Measure is unceasing

Some estimation work in the horizon

This post outlines some work in altruistic estimation that seems currently doable. Some of it might be pursued by, for example, my team at the Quantified Uncertainty Research Institute. But together this work adds up to more than what our small team can achieve.

Two downsides of this post are that a) it looks at things that are more salient to me, and doesn’t comprehensively review all estimation work being done, and b) it could use more examples.

Saruman in Isengard looking at an army of orcs
Saruman in Isengard looking at an army of orcs


Produce more specific high-value estimates

The idea here is to produce more estimates in a way that results in better decisions.

Some examples might be:

The value of these estimates generally has two moving parts:

  1. Their immediate payoff in terms of affecting near-term decisions
  2. Making it easier to create future estimates of a similar kind

For example, if I help someone estimate the value of various career options they are considering, that has the benefit of improving their decision about which career moves they make. But if those estimates are then posted on the EA Forum, or in some repository of models, they might make it easier for people to reuse and tweak these estimates, which would be cheaper than coming up with their own estimates anew.

At QURI in particular, we might work on estimating the value of some of 80,000 hours' top career paths, building upon the results from this contest, because this seems like a somewhat ambitious type of estimation that would produce useful templates and allow us to explore new strategies. And I personally expect to produce a few such estimates this year.

Explore different types of estimates

At QURI, we have been experimenting mainly with two broad classes of estimation:

As we do more work there, we learn and begin to implement some stuff, like:

But in general, are there any ingenious types of estimates which would make estimation easier, more scalable, or doable for previously inaccessible topics?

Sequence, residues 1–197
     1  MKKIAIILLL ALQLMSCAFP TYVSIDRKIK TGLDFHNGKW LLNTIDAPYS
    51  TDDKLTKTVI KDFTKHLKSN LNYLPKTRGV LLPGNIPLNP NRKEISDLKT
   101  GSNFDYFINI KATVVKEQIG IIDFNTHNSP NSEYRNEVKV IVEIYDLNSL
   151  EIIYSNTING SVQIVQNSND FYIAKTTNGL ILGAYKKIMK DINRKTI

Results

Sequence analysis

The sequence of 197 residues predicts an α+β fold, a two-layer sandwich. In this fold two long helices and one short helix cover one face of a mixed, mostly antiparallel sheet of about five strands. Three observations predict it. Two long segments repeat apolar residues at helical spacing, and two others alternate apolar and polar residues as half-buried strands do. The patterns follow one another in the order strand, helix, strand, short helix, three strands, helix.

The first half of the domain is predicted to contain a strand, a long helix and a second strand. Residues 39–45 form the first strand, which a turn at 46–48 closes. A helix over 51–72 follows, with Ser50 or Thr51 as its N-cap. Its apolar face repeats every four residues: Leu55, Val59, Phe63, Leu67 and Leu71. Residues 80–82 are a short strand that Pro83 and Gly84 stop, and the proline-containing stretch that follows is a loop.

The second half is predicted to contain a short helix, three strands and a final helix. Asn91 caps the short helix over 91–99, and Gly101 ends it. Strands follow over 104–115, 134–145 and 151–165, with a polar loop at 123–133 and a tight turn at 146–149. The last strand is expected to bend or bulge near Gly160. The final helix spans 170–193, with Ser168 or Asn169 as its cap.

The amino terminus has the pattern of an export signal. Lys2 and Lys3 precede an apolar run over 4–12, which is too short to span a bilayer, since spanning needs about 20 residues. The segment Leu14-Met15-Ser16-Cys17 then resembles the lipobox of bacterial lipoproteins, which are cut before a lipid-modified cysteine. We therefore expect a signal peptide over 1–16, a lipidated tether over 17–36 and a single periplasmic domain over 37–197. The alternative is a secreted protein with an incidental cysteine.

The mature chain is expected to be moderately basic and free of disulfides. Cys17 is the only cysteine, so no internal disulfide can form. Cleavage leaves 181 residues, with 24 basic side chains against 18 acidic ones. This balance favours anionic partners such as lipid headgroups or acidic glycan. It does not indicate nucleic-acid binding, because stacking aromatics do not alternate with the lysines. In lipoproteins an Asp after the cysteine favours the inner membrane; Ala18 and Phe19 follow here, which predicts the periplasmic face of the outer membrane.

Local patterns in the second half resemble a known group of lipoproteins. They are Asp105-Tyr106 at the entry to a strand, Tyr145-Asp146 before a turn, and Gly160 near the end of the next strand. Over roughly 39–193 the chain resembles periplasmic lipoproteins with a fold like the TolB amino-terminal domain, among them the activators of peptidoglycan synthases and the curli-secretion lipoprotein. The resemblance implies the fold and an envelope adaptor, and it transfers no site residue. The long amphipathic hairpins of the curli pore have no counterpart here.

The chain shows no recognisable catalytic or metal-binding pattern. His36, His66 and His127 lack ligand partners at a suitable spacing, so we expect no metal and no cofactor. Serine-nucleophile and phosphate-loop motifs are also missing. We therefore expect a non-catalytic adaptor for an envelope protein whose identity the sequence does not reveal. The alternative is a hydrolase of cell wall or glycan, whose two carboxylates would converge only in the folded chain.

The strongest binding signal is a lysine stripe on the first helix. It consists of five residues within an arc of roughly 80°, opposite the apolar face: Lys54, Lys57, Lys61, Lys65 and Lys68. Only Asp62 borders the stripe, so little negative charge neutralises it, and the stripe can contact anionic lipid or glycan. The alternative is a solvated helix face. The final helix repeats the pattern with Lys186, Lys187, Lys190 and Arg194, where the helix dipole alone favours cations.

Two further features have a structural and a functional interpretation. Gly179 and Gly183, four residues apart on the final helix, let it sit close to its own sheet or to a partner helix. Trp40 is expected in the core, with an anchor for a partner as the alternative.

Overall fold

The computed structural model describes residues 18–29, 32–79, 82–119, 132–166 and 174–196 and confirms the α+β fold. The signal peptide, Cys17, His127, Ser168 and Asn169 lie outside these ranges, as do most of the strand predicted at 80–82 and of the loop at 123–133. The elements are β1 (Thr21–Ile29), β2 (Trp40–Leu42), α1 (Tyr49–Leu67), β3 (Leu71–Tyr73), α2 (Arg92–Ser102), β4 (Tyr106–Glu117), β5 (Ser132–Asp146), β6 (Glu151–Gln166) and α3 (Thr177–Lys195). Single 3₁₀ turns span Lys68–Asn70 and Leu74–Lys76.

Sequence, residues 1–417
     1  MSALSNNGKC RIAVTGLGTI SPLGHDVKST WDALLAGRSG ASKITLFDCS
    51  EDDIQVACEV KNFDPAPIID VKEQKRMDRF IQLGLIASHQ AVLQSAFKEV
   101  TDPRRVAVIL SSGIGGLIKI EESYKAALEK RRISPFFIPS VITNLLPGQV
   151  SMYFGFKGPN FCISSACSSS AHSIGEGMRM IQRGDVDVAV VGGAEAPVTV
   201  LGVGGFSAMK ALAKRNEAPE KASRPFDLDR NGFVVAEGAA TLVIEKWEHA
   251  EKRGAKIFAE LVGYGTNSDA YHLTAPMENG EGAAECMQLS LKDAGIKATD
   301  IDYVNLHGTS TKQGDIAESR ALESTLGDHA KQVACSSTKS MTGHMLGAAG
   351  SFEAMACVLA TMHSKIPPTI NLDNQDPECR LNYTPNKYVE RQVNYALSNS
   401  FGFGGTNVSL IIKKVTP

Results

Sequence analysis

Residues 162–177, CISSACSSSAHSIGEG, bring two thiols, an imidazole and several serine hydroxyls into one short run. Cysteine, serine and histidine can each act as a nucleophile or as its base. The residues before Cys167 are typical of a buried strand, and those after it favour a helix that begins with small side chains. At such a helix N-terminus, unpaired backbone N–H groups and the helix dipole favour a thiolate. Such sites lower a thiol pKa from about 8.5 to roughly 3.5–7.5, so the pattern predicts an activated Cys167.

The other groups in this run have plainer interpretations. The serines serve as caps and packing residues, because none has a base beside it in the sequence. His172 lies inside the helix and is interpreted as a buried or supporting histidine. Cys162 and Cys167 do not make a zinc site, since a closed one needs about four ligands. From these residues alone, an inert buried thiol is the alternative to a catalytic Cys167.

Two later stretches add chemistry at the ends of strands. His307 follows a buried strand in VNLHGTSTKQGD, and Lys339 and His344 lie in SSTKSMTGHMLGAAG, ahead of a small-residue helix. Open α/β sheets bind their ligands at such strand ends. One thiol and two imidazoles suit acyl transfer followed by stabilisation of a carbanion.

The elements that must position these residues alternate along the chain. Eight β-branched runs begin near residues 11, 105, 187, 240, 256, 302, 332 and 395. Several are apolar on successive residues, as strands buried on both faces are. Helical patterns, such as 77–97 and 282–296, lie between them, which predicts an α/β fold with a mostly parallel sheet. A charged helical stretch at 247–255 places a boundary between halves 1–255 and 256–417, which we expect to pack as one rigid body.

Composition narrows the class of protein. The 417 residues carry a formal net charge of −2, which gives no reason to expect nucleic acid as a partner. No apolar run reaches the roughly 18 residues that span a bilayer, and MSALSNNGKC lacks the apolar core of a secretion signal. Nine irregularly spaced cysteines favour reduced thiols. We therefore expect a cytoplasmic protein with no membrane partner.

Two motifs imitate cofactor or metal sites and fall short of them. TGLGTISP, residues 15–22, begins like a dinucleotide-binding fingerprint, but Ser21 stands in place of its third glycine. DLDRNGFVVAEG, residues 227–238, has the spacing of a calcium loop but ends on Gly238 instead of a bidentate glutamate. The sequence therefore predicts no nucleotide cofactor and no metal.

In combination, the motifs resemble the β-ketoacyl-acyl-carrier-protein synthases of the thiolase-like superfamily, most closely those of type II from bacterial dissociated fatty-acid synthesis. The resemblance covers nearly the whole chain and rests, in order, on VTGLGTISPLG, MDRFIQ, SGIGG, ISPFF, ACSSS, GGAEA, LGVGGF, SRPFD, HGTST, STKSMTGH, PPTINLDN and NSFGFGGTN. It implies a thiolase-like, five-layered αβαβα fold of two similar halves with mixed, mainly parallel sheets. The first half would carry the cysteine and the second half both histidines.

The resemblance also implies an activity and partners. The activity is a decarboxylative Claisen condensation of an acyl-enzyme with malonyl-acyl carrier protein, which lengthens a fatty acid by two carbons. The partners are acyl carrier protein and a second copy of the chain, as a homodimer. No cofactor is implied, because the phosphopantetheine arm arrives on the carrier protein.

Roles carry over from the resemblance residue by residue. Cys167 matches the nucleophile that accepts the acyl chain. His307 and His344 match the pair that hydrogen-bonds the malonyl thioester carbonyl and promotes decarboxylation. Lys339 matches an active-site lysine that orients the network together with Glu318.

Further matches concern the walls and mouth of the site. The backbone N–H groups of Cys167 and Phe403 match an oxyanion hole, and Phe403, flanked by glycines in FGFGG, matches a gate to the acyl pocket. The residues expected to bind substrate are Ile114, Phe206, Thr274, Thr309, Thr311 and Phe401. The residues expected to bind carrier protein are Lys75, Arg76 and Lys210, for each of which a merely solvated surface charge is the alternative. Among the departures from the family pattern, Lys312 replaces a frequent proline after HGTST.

Build estimation pipelines

In August 2020, @Erich_Grunewald estimated that there was a 5-10% chance that EA would lose a billionaire in the next few years. In hindsight, this estimate seems decent. But it wasn’t vetted, distributed, and incorporated into people’s decisions. And although it was part of some QURI contests, it seems more like a one-off than a continuous series of estimations of importance.

Instead, we could have pipelines that continuously produce estimates in a way which produces value. Some pipelines which it might be valuable to build might be:

Here, by pipeline, I mean something distinct from a one-off, and that starts to produce value and can continue to do so. My sense is that those types of work are more valuable.

Work on the theory behind estimation

Some topics which could benefit from a theoretical treatment might be:

The hope here would be that taking a step back and theorizing could add some clarity which could improve your day to day estimation.

Produce better estimation tooling

Better tooling seems like it could lead to the production of more and better estimates, faster. For an extreme example, here is a simple BOTEC in C (a low level estimation language), and here is that same estimate in Squiggle, a language for rapid estimation.

Some progress in the tooling domain might involve:

One consideration for this kind of enterprise is that it can be fairly time intensive, and fairly long until you learn whether it has been worth it or not.

Who is working on this type of thing?

Within or adjacent to EA:

Outside EA, probably too many to mention at once, but some which stand out to me are: